In addition, its logistical infrastructure – things like airpower, medevac, aerial surveillance, equipment and, even as basic as troop sustenance are almost all nonexistent.
To top it off, the bulk of its citizens have either little faith in the legitimacy of government institutions, or are deeply dissatisfied with government’s inability to provide basic services, questioning its legitimacy beyond Mogadishu city.
Moreover, it has only a few donor-imposed and donor-financed institutions, chiefly the Ministry of Interior, the Ministry of Defense, and the National Intelligence Agency. As one scholar recently put it at the national de-radicalization conference in Mogadishu: Still Al-Shabaab has the monopoly of the fear, kill and suicide people at their will, and even assassinate government officials and, as result, has become the only feared institution in the country.
Put differently, the government doesn’t have the legitimate means to control the violence of its own backyard — Mogadishu – let alone in the rest of the country.
Secondly, insecurity remain an imminent threat, and its the gravest challenge that could potentially hamper future planning – weather its Vison2016 or the President’s six pillar nation-building strategy.
In the days leading up to the conference, al-Shabaab carried out a deadly suicide attack at a local restaurant that is literally a block away from the presidential place, leaving a death toll of more than 20 people, and injuring two journalists.
Even more worryingly, two major humanitarian organizations — including MSF –, have completely withdrawn from the country due to deteriorating security – complicating the worsening humanitarian condition. Clearly, this will have a severe impact not only on the humanitarian crisis, or aid workers, but also the 1.5 million internally displaced people.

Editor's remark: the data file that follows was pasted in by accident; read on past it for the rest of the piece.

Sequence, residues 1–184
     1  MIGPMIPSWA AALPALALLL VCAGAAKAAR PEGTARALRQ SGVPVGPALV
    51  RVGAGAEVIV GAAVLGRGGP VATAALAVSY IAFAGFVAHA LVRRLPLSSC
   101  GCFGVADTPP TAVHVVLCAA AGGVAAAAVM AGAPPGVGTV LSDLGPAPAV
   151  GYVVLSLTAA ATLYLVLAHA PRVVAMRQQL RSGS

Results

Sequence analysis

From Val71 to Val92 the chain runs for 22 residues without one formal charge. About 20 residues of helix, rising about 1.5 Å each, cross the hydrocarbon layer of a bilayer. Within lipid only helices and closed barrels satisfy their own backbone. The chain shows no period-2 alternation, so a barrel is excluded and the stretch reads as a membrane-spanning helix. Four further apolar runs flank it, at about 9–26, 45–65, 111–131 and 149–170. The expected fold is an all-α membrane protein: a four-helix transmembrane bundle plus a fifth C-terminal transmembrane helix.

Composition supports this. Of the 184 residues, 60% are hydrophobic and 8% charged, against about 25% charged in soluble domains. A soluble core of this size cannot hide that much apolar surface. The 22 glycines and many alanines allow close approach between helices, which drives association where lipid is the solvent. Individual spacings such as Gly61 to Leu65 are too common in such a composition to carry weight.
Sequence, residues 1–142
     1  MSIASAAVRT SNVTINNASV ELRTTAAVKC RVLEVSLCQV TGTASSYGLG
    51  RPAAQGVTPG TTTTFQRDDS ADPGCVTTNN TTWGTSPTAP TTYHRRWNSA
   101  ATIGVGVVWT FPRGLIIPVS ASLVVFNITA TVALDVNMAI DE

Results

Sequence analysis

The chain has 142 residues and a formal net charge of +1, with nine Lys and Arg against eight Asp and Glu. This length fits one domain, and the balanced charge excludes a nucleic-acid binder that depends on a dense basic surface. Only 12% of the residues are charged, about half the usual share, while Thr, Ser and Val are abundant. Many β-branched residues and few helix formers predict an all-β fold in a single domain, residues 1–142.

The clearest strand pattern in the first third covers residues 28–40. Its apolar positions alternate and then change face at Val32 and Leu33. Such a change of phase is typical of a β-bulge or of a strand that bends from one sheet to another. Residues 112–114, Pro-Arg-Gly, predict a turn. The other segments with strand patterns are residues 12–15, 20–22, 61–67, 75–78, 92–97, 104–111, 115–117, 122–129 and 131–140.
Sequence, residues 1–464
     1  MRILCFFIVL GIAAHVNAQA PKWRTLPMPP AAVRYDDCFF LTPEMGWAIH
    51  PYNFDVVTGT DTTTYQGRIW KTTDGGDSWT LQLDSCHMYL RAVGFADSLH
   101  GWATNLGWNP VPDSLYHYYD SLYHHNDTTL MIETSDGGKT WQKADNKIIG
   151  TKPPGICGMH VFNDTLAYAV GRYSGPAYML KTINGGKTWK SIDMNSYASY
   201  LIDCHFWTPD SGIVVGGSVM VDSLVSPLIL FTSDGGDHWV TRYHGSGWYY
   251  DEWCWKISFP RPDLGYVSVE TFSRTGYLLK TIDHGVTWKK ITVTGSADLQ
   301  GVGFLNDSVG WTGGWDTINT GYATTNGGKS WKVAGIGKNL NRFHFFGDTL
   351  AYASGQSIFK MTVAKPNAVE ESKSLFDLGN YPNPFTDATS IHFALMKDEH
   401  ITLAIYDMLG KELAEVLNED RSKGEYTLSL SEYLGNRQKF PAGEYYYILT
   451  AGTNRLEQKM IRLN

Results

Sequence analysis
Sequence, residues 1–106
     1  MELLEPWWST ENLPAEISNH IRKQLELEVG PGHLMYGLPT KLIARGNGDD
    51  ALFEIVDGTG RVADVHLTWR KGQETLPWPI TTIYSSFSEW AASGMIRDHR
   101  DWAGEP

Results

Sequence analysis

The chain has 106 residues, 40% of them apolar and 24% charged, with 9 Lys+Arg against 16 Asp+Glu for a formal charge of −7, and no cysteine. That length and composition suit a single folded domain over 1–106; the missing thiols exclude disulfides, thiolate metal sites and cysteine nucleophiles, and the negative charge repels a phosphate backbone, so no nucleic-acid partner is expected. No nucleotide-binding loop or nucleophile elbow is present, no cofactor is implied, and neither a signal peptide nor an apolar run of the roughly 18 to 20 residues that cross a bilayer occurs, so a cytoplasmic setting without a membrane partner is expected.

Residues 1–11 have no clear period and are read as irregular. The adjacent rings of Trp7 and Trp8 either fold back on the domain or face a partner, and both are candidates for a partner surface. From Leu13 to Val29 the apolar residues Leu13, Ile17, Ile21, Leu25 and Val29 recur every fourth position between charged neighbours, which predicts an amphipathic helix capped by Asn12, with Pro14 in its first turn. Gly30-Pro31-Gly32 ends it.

While there has been a remarkable security achievement over the course of the year, yet the campaign against al-Shabaab has become somewhat muted, allowing al-Shabaab to regroup and strike back in more lethal asymmetrical warfare. Furthermore, the government’s strategy against al-Shabaab appears to be: whenever al-Shabaab stage attacks, they respond with roadblocks, sweeping home-searches, and detaining dozen of youths, boxing themselves on defensive side. Further, the absence of national strategy on the part of the government and lack of coherent coordination among its international partner has provided al-Shabaab an opportunity to reemerge and infiltrated in the government institutions.
Thirdly, and to make matters worst, key government branches – legislative, judiciary and ministries are institutionally weak, and unable to carry out reforms or support the vision2016 going forward. These institutions are often advanced patronage networks, fueling corruption and cronyism at the national and local level. Worst yet, there is no electoral infrastructure in place, and political parties are utterly absent.